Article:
He helped rid the world nearly 25 years ago of one of the most terrifying and deadly infectious diseases ever to assault the human race. Now, as an aging academic, he has been tapped to guard his country against its return.
Donald A. Henderson, M.D., known as "D. A.," has fought a lifelong battle against the scourge of smallpox. Earlier this month, HHS Secretary Tommy Thompson asked the 73-year-old public health hero to serve as director of the newly created Office of Public Health Preparedness. He has been charged with upgrading the country's response to a bioterrorism attack.
Henderson left behind his role as director of the Center for Civilian Biodefense Studies, which he founded in 1995, at Johns Hopkins University, Baltimore. In that capacity he guided Johns Hopkins Hospital in the development and implementation of a $7 million bioterrorism preparedness plan.
In his new job he will coordinate a national response to public health emergencies, having at his disposal HHS' arsenal of resources, including the Centers for Disease Control and Prevention, the Office of Emergency Preparedness, the Food and Drug Administration, and the National Institutes of Health.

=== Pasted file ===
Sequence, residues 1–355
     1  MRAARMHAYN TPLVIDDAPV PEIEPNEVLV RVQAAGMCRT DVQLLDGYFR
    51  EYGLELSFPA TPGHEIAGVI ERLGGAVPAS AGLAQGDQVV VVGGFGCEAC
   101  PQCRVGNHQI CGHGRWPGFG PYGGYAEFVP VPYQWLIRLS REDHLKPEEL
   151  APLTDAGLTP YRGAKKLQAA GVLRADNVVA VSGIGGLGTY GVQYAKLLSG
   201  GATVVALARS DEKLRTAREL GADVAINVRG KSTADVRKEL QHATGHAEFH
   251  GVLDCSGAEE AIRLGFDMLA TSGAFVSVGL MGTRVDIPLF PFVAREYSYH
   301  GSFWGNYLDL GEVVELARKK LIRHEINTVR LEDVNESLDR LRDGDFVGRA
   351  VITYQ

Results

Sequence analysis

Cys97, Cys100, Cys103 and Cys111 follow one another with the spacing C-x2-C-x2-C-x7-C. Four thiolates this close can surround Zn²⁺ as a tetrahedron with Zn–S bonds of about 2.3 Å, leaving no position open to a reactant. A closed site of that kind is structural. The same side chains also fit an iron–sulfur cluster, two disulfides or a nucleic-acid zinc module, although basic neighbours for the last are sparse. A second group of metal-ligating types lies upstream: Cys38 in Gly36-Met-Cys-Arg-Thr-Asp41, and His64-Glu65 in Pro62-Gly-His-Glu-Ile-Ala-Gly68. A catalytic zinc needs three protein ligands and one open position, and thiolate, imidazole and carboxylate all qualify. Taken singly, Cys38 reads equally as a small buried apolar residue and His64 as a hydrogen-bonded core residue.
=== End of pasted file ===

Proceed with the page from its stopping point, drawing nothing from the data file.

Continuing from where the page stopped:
As early as three years ago, Henderson raised concerns that hospital staff members, likely a front line of defense in the event of a chemical or a biological attack, were unprepared to identify symptoms of anthrax or smallpox. He advocated investing more money in the public health infrastructure, including hospital emergency rooms and laboratories.
After directing the World Health Organization's global smallpox eradication campaign from 1966 to 1977, Henderson was dean of the Johns Hopkins School of Public Health until 1990. He served as a public health adviser to former President Clinton in the early 1990s.
With his rich experience and knowledge, Henderson brings strong views to his new role. For example, he is opposed to vaccinating healthcare workers for smallpox in advance, worrying that a newly vaccinated healthcare worker could spread the live vaccinia virus to patients.